More snow on the way to Summit County on Wednesday evening with multiday storm possible next week

A snowy view from the Frisco Recpath on Tuesday.
Liz Copan /

FRISCO — Ski season is starting off with a bang, as a snowstorm that tapered off Monday evening left a bounty of the white stuff on the ground across Summit County, with as much as 10 inches in some places, including Breckenridge Ski Resort.

There is even more on the way. In his daily report for Colorado, OpenSnow meteorologist Joel Gratz said that after a brief dry period Tuesday and Wednesday morning, snow will start falling again at 4 p.m. Wednesday and will continue until sunrise Thursday.

For Summit County’s ski areas, Gratz estimated anywhere from 4-10 or more inches by Thursday. Because of lower temperatures in the morning, Gratz said, Thursday will be the best time for fresh, fluffy powder to play on.

Looking forward, Gratz predicted drier conditions through Sunday morning. After that, it’s a bit of a toss-up. The European Centre for Medium-Range Weather Forecasts model, which Gratz said is often more accurate, predicts another storm to start west of Colorado, bringing multiple days of snow as it gathers energy and unloads moving east.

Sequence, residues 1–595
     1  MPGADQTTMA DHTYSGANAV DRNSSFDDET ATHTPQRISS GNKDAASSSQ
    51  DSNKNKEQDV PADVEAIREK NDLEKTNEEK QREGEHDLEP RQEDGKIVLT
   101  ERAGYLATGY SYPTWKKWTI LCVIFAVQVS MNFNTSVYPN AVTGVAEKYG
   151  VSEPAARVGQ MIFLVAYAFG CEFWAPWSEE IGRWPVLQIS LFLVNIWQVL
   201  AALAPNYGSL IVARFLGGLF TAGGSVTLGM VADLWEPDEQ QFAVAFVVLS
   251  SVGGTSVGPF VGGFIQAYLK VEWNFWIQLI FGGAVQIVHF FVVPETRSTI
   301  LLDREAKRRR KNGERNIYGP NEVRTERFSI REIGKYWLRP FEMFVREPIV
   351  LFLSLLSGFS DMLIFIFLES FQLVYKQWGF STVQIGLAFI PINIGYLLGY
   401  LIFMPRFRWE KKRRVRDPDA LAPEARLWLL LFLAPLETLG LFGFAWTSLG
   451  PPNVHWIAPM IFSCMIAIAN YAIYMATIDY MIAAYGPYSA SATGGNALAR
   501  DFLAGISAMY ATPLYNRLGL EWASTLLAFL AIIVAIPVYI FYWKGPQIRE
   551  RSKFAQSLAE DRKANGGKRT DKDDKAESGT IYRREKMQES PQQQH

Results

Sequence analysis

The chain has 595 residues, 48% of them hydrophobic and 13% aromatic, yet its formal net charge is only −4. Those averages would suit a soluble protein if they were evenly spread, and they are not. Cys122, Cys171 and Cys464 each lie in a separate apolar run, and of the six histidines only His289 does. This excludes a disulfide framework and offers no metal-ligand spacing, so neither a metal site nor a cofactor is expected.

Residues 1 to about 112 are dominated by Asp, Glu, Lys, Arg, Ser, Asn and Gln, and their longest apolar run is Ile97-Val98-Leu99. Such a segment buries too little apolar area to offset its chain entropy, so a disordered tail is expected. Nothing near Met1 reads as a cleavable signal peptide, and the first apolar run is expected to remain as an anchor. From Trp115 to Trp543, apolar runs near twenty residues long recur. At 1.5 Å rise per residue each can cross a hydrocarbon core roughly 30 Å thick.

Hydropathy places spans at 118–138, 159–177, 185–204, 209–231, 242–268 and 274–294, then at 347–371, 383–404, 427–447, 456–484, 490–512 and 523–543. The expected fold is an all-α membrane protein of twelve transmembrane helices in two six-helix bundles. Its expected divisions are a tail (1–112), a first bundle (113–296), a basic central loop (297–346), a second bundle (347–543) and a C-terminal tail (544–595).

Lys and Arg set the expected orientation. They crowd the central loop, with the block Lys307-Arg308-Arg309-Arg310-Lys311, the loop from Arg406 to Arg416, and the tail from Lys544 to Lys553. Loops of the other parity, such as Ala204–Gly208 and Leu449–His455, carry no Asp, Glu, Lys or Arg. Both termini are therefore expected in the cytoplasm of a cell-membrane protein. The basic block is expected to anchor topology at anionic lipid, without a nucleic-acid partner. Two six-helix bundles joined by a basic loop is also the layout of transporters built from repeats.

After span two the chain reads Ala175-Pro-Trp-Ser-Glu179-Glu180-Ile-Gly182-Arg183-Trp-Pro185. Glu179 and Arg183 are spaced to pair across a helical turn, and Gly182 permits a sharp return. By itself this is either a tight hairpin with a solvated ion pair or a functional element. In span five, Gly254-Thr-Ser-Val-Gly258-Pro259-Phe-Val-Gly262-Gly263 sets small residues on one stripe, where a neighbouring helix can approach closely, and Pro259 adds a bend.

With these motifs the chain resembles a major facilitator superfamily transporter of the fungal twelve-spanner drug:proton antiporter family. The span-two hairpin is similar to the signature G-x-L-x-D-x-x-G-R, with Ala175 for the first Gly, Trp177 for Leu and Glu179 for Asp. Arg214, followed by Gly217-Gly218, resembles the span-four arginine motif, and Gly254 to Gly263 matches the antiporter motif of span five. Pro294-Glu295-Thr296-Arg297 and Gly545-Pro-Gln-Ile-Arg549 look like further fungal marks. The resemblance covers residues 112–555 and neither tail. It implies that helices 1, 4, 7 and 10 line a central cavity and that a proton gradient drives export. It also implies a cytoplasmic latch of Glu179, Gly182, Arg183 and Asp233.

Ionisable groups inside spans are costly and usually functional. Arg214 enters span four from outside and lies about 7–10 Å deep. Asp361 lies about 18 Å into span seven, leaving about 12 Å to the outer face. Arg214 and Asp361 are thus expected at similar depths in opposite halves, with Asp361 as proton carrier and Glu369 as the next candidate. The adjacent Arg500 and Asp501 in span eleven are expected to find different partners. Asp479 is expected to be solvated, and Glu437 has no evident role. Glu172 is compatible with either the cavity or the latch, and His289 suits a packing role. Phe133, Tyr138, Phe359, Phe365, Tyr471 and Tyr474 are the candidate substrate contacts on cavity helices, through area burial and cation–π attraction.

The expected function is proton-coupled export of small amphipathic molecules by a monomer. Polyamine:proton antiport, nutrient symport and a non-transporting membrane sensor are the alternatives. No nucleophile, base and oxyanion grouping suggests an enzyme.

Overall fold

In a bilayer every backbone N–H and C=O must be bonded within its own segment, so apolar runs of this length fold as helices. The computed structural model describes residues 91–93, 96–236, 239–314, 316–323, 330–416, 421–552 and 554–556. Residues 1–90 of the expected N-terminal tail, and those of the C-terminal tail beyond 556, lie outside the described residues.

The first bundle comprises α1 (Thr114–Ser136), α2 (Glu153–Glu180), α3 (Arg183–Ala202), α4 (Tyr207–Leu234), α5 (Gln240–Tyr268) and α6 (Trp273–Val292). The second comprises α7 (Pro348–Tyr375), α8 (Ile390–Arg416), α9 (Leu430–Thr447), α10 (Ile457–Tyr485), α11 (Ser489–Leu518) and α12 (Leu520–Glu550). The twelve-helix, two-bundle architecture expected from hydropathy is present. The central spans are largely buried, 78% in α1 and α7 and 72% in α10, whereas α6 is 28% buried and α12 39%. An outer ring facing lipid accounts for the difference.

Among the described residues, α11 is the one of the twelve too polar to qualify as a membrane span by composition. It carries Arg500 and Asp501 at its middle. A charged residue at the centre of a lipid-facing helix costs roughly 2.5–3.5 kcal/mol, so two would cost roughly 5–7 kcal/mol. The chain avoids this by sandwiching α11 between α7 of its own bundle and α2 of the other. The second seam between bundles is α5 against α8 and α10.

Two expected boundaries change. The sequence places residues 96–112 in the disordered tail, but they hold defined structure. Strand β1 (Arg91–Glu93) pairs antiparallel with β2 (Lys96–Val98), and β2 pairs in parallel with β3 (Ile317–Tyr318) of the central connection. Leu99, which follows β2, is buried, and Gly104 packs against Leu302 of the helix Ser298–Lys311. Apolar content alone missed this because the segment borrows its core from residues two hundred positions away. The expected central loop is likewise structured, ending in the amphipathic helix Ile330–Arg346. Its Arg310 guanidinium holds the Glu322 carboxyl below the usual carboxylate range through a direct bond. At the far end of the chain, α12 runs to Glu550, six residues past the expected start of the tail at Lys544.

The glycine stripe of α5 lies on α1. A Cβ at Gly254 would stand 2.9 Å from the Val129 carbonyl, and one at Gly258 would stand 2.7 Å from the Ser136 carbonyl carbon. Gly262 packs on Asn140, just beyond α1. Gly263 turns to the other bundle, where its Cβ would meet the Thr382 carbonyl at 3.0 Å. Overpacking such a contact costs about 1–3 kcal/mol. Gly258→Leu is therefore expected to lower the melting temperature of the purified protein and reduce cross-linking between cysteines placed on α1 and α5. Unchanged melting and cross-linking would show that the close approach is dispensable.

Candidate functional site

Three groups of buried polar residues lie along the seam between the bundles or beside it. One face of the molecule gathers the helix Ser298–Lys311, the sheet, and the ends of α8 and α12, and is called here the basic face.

However, the American Global Forecast System model, which Gratz said is not as reliable as the European model, predicts the storm to form and move north and east of Colorado, dropping little to no snow in the central Rockies while moving on toward the Great Lakes region and Canada.

Gratz said it is still too early to tell definitively what track the storm will take, with more details to come as we get closer to Sunday.

From a longer-term perspective, the December to February 90-day forecast provided by the National Oceanic and Atmospheric Administration’s Climate Prediction Center calls for a moderate chance of warmer than normal temperatures for Colorado with an equal chance of average, above-average and below-average precipitation. For the next 30 days, though, the Climate Prediction Center forecasts a 40% to 50% chance of above average precipitation, which could mean a continuing trend of early season snow.

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